How to save the lives of 20,000 malnourished children each day.
Despite what most people think, the 14 million Third World children who die of malnutrition each year do not succumb simply to lack of food. The complications of a weakened body are many. What actually kills more children than anything else—fully 5 million a year—is dehydration brought on by diarrheal infection. It’s a common ailment in the large areas of the world lacking proper sanitation and personal hygiene. The fact that primitive wisdom calls for withholding food and water from those suffering diarrhea only compounds the problem.
The health hazards of bodily dehydration are far from being solved. But, thanks in part to a discovery that a leading British medical journal has called “potentially the most important medical advance of the century,” the prospect of greatly limiting death caused by diarrhea is no longer an impossible dream. The discovery is oral rehydration therapy (ORT), a process that not only replaces salt and water in children (and adults) who are fighting diarrhea, but actually helps to cure the victim. The “therapy” consists of drinking a very simple solution of water, sugar, and salt. The ultimate cure for diarrhea lies in modernized sanitation systems and improved personal hygiene. But until that goal can be reached, experts believe ORT will definitely limit deaths and alleviate suffering.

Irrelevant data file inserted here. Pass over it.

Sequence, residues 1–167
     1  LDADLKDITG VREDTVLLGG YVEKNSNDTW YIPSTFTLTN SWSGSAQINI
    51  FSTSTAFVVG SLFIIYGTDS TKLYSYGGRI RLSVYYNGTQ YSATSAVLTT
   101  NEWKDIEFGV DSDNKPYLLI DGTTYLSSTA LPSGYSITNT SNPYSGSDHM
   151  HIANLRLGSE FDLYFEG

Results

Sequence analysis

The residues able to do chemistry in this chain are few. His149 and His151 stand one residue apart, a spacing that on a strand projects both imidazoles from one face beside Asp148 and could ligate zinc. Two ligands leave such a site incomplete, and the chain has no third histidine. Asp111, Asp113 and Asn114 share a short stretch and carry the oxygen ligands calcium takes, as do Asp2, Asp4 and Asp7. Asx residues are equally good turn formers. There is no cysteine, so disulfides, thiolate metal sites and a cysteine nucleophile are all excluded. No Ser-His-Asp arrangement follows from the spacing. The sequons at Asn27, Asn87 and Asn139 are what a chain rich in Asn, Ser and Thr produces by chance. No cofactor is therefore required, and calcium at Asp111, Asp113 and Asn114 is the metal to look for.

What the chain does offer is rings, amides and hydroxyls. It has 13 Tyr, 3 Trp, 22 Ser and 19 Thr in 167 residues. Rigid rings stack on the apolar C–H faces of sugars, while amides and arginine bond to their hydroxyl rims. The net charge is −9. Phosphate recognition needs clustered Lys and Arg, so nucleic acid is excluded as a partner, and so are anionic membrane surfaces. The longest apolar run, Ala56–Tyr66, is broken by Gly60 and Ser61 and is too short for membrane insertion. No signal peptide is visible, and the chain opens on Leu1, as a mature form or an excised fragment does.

Although the benefits of ORT have been known for more than a decade, the idea of putting it to work has only recently gained momentum, according to Roger Goodal of the United Nations Children’s Fund (UNICEF). UNICEF said in its annual “State of the World’s Children” report in December that ORT was the key element in a plan that could save the lives of ...1
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